The Salt Lake Tribune
November 14, 2011
Do Schools in Rural and Nonrural Districts Allocate Resources Differently? An Analysis of Spending and Staffing Patterns in the West Region States
Primary Researchers: Jesse Levin, Karen Manship, Jay Chambers, Jerry Johnson, Charles Blankenship
Publication Date: January 2011
This study examined differences in resource allocation between rural and nonrural districts and the relationship between resource allocation and specific district characteristics associated with degree of rurality.
Rural communities face several challenges in providing educational services that suburban and urban areas do not, which are thought to be related to costs. These cost factors include small scale of operation, higher levels of student need, and difficulty hiring qualified and specialized staff. This report presents the first detailed comparison of resource allocation patterns between rural and nonrural districts in the West Region (AZ, CA, NV, UT), including an analysis of the relationship between resource allocation (per student expenditures overall and by category, staffing ratios, and overhead ratios) and characteristics associated with rurality.
The three research questions addressed by this study are:
- How do factors thought to be related to education costs—such as regional characteristics (district enrollment, student population density, and proximity to urban areas); student needs (incidence of poverty, English language learner students, and special education students); and labor costs—differ between school districts in rural and nonrural locale categories?
- How do measures of K-12 education resource allocation—including total per student spending, staffing ratios, and overhead ratios of district- to school-level spending—differ between school districts in rural and nonrural locale categories?
- How do regional characteristics, student needs, and geographic differences in labor costs relate to patterns of K-12 education spending and staffing in school districts?
The main findings of the report include the following:
- Rural and nonrural locales differed in terms of enrollment, student population density, and average drive time to the nearest urban area. Districts in rural-remote and rural-distant locales had substantially lower enrollments and student population densities than did districts in other locale subcategories.
- Districts in rural locales spent more per student, hired more staff (especially teachers) per 100 students, and spent more on overhead than did districts in nonrural areas.
- Regional characteristics (district enrollment, student population density, and drive time) were more strongly related to resource allocation than were other cost factors studied (student needs and geographic differences in labor costs). District enrollment was the most important factor associated with resource allocation. The magnitude of the differences in resource allocation associated with student population density and drive time was small compared with that associated with district enrollment.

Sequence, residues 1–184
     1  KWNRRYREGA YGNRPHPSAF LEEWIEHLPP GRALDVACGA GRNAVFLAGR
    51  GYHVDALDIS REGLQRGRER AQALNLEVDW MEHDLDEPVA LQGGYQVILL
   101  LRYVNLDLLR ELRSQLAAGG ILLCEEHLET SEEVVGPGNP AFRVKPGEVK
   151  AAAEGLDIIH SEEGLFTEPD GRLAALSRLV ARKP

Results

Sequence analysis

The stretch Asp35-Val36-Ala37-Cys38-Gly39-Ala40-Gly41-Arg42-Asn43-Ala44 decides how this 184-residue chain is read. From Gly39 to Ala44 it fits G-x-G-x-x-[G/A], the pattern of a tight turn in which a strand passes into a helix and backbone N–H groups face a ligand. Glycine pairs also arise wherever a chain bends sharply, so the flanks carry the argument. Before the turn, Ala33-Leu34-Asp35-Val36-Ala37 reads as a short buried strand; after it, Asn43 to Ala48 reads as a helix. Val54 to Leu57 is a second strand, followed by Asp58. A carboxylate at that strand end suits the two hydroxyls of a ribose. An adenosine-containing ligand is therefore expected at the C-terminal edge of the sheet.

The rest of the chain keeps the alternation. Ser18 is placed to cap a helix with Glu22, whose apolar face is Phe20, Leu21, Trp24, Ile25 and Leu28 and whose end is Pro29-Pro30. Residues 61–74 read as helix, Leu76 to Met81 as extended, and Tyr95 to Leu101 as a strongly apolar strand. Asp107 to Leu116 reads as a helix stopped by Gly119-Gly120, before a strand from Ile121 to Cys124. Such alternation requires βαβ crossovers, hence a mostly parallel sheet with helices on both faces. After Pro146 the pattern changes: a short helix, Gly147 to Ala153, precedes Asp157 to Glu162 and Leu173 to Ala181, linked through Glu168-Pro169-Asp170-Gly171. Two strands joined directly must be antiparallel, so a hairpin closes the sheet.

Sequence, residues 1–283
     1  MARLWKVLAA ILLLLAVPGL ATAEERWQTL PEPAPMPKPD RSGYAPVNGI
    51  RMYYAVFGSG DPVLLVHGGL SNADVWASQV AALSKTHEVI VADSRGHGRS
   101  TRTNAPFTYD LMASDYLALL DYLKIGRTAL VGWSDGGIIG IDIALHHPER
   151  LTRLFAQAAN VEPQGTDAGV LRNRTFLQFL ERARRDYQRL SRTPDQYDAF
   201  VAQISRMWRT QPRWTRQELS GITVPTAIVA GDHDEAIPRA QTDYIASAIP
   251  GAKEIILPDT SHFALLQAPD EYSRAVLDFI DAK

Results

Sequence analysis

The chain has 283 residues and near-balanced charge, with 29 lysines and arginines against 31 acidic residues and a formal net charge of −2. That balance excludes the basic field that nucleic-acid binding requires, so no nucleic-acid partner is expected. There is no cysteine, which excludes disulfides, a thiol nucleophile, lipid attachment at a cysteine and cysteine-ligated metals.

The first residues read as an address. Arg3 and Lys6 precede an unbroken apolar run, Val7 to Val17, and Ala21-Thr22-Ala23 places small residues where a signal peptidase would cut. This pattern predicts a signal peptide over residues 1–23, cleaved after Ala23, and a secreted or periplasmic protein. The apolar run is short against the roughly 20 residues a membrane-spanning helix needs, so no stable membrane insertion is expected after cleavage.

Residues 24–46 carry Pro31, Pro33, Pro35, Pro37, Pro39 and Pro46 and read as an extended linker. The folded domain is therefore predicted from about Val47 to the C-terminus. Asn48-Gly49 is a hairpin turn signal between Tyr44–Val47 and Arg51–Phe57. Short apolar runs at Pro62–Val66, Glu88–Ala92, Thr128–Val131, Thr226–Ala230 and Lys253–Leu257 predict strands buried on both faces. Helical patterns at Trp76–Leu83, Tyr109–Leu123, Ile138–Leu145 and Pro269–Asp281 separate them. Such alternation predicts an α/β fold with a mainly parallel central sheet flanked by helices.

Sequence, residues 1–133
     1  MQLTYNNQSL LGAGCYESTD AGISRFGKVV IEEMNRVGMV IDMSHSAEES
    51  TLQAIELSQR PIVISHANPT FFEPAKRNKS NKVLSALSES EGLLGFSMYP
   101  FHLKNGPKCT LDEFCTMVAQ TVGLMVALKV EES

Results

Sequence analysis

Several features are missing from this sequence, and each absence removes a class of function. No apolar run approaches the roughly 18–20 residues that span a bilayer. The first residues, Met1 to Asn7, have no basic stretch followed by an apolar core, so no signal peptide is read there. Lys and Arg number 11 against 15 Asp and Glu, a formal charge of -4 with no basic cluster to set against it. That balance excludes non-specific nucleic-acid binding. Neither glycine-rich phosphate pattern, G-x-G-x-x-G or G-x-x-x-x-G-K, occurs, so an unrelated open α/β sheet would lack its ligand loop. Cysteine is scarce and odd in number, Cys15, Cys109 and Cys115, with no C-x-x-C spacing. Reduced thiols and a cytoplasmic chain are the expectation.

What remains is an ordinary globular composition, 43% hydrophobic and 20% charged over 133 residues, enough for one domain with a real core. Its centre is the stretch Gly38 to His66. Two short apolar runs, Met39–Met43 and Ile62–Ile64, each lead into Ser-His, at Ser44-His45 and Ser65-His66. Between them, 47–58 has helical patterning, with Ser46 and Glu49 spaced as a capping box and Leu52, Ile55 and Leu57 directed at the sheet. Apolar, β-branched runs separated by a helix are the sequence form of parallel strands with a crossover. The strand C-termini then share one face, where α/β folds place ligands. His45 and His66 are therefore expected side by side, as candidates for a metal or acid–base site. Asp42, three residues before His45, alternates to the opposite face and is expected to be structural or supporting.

Two types of analysis were conducted to investigate differences in resource allocation between rural and nonrural districts. The descriptive analysis calculated and compared average resource measures and cost factors across districts in rural and nonrural locales (as categorized by the National Center for Education Statistics). The multivariate regression analysis isolated the relationship between specific district characteristics related to degree of rurality while controlling for the patterns of variation in other factors likely associated with differential patterns of resource allocation (student needs and geographic differences in labor costs).
Regression analysis allowed the multiple relationships between each resource measure and cost factors to be modeled simultaneously. The analysis regressed the dependent variables (such as total per student expenditure) on four types of independent variables: state indicators, measures of student needs (the percentage of students living in poverty, based on free or reduced-price lunch status; students designated as English language learners; or special education students); geographic differences in labor costs (based on the Comparable Wage Index, which measures the differences in the cost of noneducation labor across regional labor markets); and regional characteristics (district enrollment, student population density, and drive time to nearest urban area/cluster). Differences across states in the relationship between the resource measures and the various cost factors were accounted for by including interactions between the state indicators and each independent variable.
- Published: January 2011
- Research Type: Issues & Answers
- Methodologies: Descriptive
- Contact info:
Catherine Walcott 415-615-3184